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Diplomacy in Action

Fast Facts on the U.S. Government's Work in Haiti: Rubble

Fact Sheet
Office of the Haiti Special Coordinator
January 16, 2013


Challenges and Accomplishments

The January 12, 2010, earthquake in Haiti created an estimated 10 million cubic meters of rubble in 30 seconds―enough to fill dump trucks reaching from Key West, Fla., to Bangor, Maine, and back again if the trucks were parked bumper to bumper. More than two years after the earthquake, significant progress has been made in removing the rubble to clear the way for reconstruction.

  • Overall Progress: The U.N. Development Program (UNDP), which is responsible for coordinating the international community’s rubble-related programming, estimates that at least 7.4 million cubic meters of rubble has been moved through the combined efforts of the Government of Haiti, international community, individual households, and private firms.
  • U.S. Government Progress: As of October 2012 the U.S. Government has funded the removal of more than 2.7 million cubic meters of rubble, or approximately 36 percent of rubble removed. During the first year following the earthquake, the U.S. Government, through the U.S. Agency for International Development (USAID), created short-term employment for more than 350,000 people by putting them to work clearing rubble from streets and neighborhoods. As the response has progressed, USAID’s implementing partners have also deployed small and heavy machinery to move the rubble. In line with the Government of Haiti’s priorities and guidelines developed by the international community, they have also focused on rubble recycling and reuse to support the reconstruction process and reduce costs. In total, the U.S. Government has spent more than $100 million for rubble removal through projects funded by USAID and the U.S. Department of Defense.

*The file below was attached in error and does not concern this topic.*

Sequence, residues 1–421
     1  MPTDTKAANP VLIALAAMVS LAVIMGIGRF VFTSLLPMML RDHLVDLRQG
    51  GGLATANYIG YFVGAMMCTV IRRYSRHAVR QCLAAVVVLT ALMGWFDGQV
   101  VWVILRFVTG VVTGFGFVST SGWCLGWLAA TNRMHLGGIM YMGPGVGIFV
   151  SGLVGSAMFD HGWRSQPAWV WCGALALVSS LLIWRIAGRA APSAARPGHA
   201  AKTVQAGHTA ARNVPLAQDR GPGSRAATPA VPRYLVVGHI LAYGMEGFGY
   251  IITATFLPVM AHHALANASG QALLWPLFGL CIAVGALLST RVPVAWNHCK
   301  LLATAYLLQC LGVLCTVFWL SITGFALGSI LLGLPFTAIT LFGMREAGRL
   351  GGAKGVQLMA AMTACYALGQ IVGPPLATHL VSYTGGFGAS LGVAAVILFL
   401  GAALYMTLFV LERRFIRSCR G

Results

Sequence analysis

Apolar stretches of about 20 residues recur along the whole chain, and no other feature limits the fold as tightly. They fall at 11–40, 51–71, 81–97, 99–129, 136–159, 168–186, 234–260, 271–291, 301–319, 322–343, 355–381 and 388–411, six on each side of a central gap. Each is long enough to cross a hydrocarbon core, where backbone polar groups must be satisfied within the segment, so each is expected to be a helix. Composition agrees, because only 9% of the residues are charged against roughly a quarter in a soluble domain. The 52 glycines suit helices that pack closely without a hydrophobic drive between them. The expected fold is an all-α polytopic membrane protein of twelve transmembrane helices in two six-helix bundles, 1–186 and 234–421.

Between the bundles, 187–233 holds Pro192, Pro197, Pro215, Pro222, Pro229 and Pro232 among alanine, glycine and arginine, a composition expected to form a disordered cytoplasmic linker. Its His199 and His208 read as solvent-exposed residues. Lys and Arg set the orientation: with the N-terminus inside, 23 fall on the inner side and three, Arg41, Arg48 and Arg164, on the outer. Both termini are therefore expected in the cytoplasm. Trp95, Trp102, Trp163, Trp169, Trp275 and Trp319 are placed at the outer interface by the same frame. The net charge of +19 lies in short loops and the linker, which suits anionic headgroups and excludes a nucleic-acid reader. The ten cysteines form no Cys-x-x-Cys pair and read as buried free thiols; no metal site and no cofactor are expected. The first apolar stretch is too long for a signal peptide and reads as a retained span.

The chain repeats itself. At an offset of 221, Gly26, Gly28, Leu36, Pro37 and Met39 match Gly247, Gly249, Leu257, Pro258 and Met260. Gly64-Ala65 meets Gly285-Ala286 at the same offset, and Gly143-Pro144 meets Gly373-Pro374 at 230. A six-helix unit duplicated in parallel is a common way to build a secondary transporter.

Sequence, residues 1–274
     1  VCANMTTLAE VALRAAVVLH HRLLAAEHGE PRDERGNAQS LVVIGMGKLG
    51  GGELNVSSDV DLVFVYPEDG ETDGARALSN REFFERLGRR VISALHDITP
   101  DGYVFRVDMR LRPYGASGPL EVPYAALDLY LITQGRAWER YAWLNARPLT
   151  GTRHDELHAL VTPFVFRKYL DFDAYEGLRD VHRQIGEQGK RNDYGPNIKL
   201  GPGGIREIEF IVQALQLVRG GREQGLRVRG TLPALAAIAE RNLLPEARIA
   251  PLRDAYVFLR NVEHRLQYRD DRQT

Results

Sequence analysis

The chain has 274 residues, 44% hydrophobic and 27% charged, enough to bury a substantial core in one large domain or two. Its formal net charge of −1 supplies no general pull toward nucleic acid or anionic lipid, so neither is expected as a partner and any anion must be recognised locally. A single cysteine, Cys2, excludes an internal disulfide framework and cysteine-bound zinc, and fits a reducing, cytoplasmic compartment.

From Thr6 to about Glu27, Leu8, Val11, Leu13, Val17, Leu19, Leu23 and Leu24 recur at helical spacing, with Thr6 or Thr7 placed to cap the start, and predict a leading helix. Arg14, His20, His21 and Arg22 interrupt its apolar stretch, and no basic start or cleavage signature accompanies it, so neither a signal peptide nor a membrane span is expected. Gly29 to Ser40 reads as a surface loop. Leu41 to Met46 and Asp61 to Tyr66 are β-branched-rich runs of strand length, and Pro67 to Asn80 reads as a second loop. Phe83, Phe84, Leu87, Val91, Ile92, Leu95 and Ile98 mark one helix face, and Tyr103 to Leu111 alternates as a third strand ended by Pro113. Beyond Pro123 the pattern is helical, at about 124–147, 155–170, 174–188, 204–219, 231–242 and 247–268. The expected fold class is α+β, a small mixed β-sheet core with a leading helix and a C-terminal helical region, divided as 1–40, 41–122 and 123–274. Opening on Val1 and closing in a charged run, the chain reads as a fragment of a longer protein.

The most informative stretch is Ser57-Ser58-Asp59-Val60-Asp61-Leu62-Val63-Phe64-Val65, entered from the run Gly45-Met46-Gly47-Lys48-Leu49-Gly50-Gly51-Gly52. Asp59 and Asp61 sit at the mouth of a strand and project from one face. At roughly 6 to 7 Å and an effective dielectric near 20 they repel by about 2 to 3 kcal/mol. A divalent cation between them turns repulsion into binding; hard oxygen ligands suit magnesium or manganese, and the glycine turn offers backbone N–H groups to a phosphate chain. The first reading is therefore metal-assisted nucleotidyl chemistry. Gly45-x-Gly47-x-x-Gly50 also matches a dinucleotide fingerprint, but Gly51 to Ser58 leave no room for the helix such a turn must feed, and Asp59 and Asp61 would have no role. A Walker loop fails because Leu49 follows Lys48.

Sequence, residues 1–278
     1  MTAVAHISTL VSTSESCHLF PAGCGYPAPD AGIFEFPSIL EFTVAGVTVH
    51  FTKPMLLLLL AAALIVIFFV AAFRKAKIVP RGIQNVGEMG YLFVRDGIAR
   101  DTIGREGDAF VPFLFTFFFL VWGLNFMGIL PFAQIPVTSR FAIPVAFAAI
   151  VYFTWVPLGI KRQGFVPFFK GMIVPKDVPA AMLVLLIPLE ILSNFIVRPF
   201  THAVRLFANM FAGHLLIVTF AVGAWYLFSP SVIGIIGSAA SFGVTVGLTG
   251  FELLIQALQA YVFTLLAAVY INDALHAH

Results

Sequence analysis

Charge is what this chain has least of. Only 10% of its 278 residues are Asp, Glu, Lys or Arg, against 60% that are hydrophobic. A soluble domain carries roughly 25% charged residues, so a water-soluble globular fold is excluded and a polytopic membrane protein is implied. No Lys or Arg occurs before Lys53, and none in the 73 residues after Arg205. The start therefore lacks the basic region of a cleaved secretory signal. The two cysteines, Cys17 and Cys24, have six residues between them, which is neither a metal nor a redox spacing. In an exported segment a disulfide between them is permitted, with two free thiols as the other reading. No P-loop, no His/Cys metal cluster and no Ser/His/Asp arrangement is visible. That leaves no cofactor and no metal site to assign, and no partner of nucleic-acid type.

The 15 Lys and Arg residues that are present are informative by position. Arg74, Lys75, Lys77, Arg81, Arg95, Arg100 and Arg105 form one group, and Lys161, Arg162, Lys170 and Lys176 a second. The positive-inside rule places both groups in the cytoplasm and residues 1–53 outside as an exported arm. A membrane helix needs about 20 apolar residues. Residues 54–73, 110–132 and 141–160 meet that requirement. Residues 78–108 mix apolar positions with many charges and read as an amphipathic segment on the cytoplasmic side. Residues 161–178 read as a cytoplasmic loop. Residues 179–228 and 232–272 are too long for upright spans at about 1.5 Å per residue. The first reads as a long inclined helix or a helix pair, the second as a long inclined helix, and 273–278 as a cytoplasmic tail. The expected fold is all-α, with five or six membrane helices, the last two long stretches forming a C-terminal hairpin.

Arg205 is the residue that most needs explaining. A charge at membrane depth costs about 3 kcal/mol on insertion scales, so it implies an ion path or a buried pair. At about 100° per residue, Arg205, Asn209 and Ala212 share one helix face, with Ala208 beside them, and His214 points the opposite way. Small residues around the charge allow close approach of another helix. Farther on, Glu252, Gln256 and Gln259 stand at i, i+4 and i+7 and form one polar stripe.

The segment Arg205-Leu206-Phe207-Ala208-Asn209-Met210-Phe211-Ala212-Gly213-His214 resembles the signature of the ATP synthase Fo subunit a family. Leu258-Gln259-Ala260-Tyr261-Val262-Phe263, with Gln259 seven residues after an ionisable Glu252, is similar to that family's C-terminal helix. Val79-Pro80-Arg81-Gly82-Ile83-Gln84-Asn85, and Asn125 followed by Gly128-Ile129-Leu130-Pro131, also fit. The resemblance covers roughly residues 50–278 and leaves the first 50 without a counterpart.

Looking Ahead

While rubble has been removed from streets throughout earthquake-affected areas, rubble remains an impediment to the reconstruction process in difficult-to-reach, densely populated neighborhoods in Port-au-Prince. As a result, the international community has transitioned the focus of rubble removal to these areas. Notably, the U.S. Government supported this effort through $25 million provided to the multi-donor Haiti Reconstruction Fund for the Debris II project. The recently concluded rubble removal activities with this funding began in October 2011 and have removed over 537,100 cubic meters of debris. In addition to rubble removal, the Debris II program created approximately 13,322 short-term jobs; which exceed the original target of 3,000 jobs.

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